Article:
The National Oceanic and Atmospheric Administration reports that globally last April was, once again, the warmest on record. That makes it the 12th consecutive month of record heat . It was also the 4th hottest month of ALL months since record keeping started in 1880. April averaged almost 2 degrees higher than the 20th-century mean. Not surprisingy, average sea temperature also broke the record by about a half degree. That is a lot, given the enormous quantity of water in the oceans.
The changes in temperature change the ocean currents, which in turn changes the currents of the wind, which in turn changes the distribution of precipitation. While the American Southwest and even more so South-east Asia, South-east Africa and the Amazon experience deep and protracted drought, Europe is seeing a record rainfall, causing widespread flooding in France and Germany. It just ain’t fair!
In Tucson, the high temperature at the beginning of this week was already about 10º higher than at the same time last year. In the words of one NOAA scientist: records are not just being broken – they are being pulverized.
There is not much we can do to reverse the trend, at least not in time for Independence Day, so we are going to have to deal with it as best we can.
Here are some practical tips on staying cool:
Remember that light is heat and that cold air sinks and hot air rises, which, incidentally, appears to be not only a law of physics, but of politics as well.
In the morning,
• close windows and draw blinds and drapes.
•If you have venetian blinds, close them or angle them upwards.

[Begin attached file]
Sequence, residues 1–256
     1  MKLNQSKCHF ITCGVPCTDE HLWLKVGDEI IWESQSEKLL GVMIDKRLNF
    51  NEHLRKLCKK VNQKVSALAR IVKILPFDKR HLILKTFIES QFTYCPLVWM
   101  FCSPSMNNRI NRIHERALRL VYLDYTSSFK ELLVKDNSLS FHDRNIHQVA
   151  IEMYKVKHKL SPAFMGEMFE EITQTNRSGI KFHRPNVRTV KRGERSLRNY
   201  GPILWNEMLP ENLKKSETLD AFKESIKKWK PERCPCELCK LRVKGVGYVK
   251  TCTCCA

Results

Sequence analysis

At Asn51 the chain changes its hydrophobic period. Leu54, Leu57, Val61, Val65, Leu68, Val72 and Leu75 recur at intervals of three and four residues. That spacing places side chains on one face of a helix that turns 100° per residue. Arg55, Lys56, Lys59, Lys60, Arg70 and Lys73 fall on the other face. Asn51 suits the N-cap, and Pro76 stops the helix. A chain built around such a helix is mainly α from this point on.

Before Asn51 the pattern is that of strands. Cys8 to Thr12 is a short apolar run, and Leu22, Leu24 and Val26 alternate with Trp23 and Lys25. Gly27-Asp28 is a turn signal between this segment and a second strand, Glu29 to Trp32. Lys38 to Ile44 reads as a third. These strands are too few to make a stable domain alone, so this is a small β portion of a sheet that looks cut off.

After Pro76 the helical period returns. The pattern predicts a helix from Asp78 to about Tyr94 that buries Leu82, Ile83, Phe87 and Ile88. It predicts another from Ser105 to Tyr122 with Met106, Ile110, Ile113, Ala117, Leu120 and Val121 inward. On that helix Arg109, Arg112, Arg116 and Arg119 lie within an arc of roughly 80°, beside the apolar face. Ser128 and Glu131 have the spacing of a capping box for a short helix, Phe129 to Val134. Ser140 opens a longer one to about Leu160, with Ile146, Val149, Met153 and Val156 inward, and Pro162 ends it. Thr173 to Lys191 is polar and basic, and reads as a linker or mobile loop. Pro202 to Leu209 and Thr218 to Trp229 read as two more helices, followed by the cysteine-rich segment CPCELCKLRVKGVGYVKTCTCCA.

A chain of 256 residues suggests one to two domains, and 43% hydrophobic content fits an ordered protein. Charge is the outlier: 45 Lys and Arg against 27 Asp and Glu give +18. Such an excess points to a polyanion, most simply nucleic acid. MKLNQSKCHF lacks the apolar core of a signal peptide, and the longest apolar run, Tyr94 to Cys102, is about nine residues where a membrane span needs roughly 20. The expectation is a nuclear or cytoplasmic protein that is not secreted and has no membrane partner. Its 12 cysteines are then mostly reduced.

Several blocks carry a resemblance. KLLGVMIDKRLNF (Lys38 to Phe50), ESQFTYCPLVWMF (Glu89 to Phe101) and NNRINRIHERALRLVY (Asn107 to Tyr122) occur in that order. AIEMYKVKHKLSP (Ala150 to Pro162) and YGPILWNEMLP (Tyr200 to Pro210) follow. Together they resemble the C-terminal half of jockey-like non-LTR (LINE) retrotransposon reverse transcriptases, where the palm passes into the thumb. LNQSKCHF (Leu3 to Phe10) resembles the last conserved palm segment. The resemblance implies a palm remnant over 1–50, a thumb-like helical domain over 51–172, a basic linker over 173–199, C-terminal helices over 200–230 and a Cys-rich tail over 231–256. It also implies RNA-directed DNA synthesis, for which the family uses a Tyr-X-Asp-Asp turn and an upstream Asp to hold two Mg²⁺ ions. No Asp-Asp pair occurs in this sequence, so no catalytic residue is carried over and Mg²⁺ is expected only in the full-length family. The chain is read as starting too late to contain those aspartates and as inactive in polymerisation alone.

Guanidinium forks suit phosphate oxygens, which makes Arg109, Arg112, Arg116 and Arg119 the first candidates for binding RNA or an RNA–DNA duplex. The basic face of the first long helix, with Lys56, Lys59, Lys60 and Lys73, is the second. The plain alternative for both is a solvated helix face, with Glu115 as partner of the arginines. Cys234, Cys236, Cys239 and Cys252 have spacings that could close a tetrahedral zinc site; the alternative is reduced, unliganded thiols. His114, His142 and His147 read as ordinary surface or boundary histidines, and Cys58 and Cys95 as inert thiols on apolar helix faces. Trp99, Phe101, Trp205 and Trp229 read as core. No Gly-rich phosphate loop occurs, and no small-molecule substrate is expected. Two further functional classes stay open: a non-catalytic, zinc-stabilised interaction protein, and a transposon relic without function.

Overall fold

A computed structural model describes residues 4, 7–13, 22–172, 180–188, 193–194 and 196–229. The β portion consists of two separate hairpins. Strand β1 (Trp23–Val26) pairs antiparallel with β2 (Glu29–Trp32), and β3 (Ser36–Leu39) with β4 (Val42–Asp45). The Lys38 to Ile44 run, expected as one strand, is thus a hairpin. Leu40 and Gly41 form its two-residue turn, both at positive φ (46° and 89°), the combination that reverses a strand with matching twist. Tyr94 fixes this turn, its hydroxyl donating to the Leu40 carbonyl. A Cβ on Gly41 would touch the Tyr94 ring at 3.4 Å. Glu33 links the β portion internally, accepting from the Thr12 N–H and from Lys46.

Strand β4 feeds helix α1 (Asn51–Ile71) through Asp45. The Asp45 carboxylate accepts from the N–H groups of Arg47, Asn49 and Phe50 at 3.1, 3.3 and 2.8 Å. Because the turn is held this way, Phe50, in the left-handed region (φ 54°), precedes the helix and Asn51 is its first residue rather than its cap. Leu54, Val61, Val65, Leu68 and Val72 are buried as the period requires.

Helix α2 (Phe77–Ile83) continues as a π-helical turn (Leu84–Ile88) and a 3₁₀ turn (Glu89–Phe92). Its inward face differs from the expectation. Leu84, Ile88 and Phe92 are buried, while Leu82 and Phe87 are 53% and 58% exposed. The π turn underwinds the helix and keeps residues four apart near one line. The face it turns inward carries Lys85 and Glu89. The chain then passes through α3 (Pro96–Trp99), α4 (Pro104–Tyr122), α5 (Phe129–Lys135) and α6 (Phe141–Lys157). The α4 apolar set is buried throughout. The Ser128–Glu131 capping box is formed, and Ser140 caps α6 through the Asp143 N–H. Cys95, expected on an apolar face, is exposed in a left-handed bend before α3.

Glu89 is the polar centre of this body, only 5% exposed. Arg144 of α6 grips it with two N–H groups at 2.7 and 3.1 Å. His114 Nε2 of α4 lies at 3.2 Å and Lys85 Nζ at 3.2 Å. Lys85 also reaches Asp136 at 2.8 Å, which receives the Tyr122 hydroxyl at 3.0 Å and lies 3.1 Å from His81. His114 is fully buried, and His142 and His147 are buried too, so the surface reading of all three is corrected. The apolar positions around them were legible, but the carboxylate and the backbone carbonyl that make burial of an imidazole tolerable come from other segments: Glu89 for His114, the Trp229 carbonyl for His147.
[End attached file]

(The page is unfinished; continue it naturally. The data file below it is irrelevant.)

•Set your thermostat to 78 degrees Fahrenheit when you are home and 85 degrees when you are away. The infirm, elderly, and others who have trouble maintaining body temperature (such as diabetics), should set it to 72 to 75 degrees when home.
•Check that ceiling fans run counterclockwise, so that cold air is drawn up.
•Turn off lights, electrical devices and electronics when not in use.
•Run a fan across a bowl of ice to cool down.
•Hang wet sheets across the windows to cool down a room.
•Consider using a whole-house fan. It is a “natural evening air conditioner.”
•When the temperature drops, open windows and doors with screens to bring the inside temperature down.
• Choose cotton nightwear over nylon or silk; looser is better.
•Stick sheets in the freezer for a few minutes
•Put a cold water bottle in your bed
•Sleep close to the floor, where the air is cooler
•Drink 8 ounces of water before going to sleep
Don’t rely upon thirst as an indicator of your need for water; it’s not reliable in very high heat. The recommended daily fluid intake is about 100 fluid ounces for men and about 75 for women.
Liquids that contain caffeine, alcohol, or large amounts of sugar don’t count– these actually cause you to lose more body fluid. Also, avoid very cold drinks, because they can cause stomach cramps.
The warning signs of heat stroke are red, hot sweaty skin, cramps, lightheadedness or headaches, and fatigue.
If you see someone with these symptoms, call for an ambulance. Get the victim out of the heat. Loosen or remove clothing, wrap the person in wet towels or clothing, and apply ice packs around the neck, the groin and under the arms and knees (where the blood flow is greatest and closest to the surface). If the victim seems mentally impaired, which is common in this situation, do NOT try to make the person drink, cause they may choke on it.
And NEVER EVER EVER leave your child or your pet in the car, not even for a moment. Each year, 500 American kids and an untold number of pets die of heat stroke after being left in the car. Many establishments do not allow pets; in that case, tie them up outside with a bowl of water, or just leave them at home.